We drove to the audition, all together, sang the verse a couple times as a family, then unloaded ourselves… roly poly tumble bumble, into the audition place.

Lil’ Chaos was manic.

She was literally, and yes I mean literally, bouncing off the walls.

It was hard to take – luckily I had to walk the baby around to keep her quiet…
I was nervous.
Lil’ Chaos was nervous
Jen was nervous
Zilla was being three
There was friction.

When she was called in my heart jumped
and the three-year-old started screaming…
she wanted to go too
it was not awesome.

She came out and was clearly disappointed.

That was a sucky feeling.

She had been too nervous to sing her song,
and sang Happy Birthday instead.

we were sad that she was disappointed
we were disappointed that she had put work into
learning the song and didn’t get to share it…

and it was hard to tell if she was disappointed
and sad because of pressure she put on herself
or pressure she perceived we had put on her
or what…

This is strange new territory for us.

A big part of the reason I stopped trying to be an actor is because I hate auditions and how they make me feel. I hate them.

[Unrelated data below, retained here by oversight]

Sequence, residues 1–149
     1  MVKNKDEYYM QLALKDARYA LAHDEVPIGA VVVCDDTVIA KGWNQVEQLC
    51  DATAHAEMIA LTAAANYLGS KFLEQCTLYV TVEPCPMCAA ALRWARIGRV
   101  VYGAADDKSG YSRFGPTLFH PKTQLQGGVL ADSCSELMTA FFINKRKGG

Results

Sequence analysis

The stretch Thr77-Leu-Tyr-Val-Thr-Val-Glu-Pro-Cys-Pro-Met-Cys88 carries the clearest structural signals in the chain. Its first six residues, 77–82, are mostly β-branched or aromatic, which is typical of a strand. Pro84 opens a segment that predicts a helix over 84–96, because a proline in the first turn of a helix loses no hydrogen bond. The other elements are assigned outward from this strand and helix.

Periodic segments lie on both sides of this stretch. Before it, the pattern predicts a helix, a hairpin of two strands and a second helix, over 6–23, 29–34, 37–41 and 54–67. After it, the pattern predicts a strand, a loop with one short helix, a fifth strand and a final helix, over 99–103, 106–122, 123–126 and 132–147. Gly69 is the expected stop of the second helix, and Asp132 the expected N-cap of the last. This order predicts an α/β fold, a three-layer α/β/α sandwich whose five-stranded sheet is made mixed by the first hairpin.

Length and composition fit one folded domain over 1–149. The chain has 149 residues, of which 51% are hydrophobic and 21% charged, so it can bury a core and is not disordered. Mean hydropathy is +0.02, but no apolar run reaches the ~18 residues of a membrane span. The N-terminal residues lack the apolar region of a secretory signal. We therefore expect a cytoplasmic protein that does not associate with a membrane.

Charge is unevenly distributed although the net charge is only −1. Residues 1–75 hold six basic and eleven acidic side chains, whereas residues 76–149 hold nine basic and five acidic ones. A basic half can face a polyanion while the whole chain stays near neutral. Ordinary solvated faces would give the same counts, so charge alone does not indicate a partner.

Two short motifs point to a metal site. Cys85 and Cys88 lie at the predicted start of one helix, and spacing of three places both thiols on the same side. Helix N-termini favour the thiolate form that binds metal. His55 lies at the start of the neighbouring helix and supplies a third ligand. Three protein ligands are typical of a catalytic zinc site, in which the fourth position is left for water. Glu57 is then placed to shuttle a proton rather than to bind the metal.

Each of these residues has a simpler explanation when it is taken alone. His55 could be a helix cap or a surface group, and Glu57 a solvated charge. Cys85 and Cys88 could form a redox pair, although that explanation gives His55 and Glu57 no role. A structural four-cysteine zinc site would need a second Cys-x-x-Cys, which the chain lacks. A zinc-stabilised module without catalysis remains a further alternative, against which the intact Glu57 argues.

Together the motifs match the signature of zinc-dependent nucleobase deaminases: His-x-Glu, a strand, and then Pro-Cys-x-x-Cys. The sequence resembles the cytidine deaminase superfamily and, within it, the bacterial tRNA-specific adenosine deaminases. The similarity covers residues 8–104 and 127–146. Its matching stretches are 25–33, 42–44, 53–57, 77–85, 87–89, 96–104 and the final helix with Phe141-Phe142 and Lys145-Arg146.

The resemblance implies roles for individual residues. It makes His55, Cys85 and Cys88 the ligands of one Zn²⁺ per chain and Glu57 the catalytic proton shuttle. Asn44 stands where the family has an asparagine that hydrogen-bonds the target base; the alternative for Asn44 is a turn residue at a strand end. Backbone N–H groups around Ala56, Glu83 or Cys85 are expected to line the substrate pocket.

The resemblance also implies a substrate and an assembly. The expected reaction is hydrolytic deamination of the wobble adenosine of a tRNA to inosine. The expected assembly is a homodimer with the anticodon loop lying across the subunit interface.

Hate them.

Jen acts like they’re no big deal, but I’m sure they get the better of her too.

I was less worried about Lil’Chaos the other day when she wrecked her bike and landed on her face
than I was seeing her come out of this audition…

We both kept telling her – as she was building up nerves about the thing
that auditioning was part of being in a show,
and that it’s okay to be nervous,
and that even big stars get nervous,
and it’s okay to be scared,
and you just have to have fun, be yourself, and do your best.

which she did
she did it
she got through it
and that is the part
that we finally realized we needed to focus on.

She did it.